In order to identify the type of customer you want to target, solicit feedback from potential users or create personas to obtain this information.
In this scenario, your audience will probably be an early adopter rather than someone who is more comfortable with established technology.
Outline all ideas and expectations being made about what the product will deliver and how the customer will act to obtain it. Identify any restrictions or limitations to make sure they can be handled early to ensure the best experience to the end-user.
When presented, it needs to be clear that it’s a work in progress and that input has a specific value to the ongoing development of the product.
You’ll want to clearly outline how a successful result is determined, so that you can properly understand what the user has to do to get there. Once you know this, you can create the step by step process the customer needs to take to achieve this.
These steps will include only those actions that deliver value, so that you are developing only what’s important for the initial product.
This process will also help you determine the metrics you will use to measure its success, which might be:
- a high rate of adoption,
- the duration of the session,
- the rate of churn,
- the number of downloads,
- the rate of sign-ups or
- the amount of time in the app.
Identify each step required to determine the values to the user.
Chart every feature and assess its importance in terms of what the user will gain or the pain it will resolve in order to decide which ones have to be included and which can be added later.
Do the research to identify:
- who you are targeting,
- which market,
- who your competitors are and
- other products similar or related to yours.
This will help you to determine what features should be included in the build process. It will also flush out your MVP’s information architecture, because you are defining the product’s content as well as its hierarchy. The latter will indicate how to present the content based on user input that meets their expectations, as opposed to assumptions that are made internally (e.g., product team) and therefore far more effective (and frankly more relevant).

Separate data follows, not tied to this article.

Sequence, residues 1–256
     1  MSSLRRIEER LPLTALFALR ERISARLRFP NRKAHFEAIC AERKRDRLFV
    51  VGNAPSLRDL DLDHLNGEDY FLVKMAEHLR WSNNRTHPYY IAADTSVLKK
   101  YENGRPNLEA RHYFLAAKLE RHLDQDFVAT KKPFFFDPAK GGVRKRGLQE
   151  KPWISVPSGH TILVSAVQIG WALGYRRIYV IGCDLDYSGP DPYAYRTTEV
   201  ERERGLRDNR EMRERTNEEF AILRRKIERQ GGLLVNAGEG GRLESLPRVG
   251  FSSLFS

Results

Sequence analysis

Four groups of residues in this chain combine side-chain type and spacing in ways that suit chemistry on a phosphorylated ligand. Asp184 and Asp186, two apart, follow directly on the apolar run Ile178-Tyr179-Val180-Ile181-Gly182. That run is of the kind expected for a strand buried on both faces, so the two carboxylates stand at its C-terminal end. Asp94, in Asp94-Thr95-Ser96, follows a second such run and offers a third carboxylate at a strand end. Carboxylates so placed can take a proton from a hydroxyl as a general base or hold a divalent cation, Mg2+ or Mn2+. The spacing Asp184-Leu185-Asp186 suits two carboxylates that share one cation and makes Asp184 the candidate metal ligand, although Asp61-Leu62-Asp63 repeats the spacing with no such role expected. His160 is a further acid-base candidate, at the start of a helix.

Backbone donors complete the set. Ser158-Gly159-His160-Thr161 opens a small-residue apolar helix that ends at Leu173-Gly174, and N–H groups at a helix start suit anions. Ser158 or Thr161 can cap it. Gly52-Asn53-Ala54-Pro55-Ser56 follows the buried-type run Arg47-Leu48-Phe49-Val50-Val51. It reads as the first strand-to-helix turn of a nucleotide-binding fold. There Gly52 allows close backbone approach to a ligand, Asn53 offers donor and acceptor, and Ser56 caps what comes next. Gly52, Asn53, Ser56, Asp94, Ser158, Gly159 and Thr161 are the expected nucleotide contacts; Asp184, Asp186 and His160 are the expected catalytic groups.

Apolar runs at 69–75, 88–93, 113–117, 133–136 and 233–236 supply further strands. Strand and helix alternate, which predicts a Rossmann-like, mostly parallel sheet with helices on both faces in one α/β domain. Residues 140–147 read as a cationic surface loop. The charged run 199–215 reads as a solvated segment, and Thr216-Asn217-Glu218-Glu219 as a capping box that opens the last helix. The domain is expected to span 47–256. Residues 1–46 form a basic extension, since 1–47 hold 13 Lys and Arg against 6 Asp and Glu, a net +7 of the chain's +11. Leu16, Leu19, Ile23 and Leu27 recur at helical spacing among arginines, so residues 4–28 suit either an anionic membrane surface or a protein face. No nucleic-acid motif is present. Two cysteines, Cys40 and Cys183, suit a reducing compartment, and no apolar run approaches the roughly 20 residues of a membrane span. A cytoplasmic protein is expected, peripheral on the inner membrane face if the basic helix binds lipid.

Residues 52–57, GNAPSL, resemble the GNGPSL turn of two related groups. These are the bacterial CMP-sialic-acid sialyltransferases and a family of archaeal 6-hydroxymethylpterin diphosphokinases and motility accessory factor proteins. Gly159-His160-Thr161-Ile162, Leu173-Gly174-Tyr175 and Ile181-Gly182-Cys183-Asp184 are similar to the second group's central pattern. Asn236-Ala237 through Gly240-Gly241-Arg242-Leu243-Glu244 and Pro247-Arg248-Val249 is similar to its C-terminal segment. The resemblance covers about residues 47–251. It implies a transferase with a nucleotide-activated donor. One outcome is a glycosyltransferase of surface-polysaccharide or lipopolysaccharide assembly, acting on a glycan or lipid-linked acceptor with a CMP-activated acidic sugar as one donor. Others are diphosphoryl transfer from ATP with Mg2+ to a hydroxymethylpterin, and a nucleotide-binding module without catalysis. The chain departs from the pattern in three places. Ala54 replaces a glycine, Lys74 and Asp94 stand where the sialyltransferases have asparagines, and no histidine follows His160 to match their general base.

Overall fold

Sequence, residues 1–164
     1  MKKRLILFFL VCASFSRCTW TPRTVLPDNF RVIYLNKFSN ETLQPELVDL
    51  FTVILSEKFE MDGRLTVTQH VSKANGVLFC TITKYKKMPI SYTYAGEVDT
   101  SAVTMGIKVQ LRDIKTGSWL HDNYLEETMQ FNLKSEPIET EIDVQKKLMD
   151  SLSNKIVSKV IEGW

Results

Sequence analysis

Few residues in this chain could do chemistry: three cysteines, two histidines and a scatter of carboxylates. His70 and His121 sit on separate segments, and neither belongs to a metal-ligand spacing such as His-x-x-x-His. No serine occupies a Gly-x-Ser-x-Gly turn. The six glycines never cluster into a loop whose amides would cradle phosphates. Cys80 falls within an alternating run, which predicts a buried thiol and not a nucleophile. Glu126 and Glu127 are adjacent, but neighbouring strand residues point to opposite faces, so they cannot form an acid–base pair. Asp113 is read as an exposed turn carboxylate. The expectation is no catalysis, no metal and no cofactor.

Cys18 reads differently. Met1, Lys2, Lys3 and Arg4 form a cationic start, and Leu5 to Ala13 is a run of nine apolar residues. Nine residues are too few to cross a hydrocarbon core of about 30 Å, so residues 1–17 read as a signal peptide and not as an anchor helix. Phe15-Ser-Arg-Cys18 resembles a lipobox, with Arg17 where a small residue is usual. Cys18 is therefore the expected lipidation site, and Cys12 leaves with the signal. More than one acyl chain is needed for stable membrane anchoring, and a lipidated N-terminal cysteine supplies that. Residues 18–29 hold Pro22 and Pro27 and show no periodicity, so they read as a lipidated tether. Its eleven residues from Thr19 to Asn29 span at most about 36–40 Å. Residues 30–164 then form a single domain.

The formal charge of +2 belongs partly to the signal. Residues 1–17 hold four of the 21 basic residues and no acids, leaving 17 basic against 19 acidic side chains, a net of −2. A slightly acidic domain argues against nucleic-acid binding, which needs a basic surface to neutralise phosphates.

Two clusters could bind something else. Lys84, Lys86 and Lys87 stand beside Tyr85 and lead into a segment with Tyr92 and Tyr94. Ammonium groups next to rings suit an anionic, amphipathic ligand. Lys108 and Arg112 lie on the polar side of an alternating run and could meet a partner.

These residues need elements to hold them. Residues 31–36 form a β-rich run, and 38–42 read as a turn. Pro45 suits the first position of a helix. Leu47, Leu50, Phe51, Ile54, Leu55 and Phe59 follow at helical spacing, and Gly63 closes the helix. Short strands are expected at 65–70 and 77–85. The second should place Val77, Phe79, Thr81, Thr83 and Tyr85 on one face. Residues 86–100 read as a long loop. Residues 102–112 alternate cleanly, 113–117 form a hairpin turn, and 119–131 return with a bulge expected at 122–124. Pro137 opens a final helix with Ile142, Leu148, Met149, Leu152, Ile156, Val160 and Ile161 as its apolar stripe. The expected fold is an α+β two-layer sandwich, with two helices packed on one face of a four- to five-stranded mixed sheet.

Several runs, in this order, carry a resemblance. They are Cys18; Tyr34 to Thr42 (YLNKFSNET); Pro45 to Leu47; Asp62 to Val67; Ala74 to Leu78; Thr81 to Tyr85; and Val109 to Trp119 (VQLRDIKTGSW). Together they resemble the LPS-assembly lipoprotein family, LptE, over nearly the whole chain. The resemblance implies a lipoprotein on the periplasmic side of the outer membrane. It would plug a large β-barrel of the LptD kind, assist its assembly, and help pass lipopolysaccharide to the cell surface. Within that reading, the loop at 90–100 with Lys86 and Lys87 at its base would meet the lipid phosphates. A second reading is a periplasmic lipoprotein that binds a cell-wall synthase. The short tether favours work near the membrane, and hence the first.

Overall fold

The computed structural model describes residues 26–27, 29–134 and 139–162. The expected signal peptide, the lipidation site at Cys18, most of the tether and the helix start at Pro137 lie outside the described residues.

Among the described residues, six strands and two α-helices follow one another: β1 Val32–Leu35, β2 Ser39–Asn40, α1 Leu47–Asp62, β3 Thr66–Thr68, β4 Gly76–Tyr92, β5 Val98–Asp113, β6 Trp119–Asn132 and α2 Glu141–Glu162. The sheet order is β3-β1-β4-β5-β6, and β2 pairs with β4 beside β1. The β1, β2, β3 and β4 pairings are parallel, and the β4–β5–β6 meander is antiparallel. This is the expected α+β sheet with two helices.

Wireframes are, simply put, drafts with mapped out functionalities, which can serve as a blueprint during the MVP phase.
Read more: What are UX/UI wireframes and why do we make them?
The development and launch of a product or service
Our experience at Adchitects has ensured that our clients get the best bang for their buck in addressing these all-important processes. Based on the roadmap, which includes your target customer, the problem(s) to solve and the opportunities that your product provides, you can build and launch your product. It should be a basic layout with identified functionalities, often best and easily achieved using a wireframing tool. This will help you to envision the product with minimum resources [the traditional “prototype, measure, learn”] and then fine tune the user experience design based on the actual feedback gathered on the MVP design.
In keeping with the philosophy throughout this process, launching a product must also include feedback from your users, so that they can help you to keep improving what you’ve started. Even after introduction, it is vital to continue to solicit this input, so that you can keep changing and enhancing your product or service for greater acceptance.
In fact, if your rollout does not gain acceptance, then user feedback is integral to understanding where the gaps are, so that you can address them or to figure out the actual value of your product.
How to test an MVP
Create a website, ask purchased customers to check out your proposed product and provide them with an invitation to click for more info to understand how much interest there is.
This can apply to the initial product as well as subsequent features; the latter can be introduced on the website as “under development”, inviting clicks that can help determine a feature’s need and actual value before investing in its build.
We value the process of creating an MVP
At Adchitects, we’ve seen the growth and escalation of interactive communications globally and used our skills and experience to realize the same vision for our clients that we ourselves live by: Create valuable products and services and keep improving them ad infinitum.
The MVP process is a significant and useful way to make sure that your digital product or service gets the attention it deserves in its veritable infancy, so that you can be sure to maximize its potential, minimize the investment required and generate progressive revenue.
Let us know if we can help you with this! We’d be happy to support you on this journey!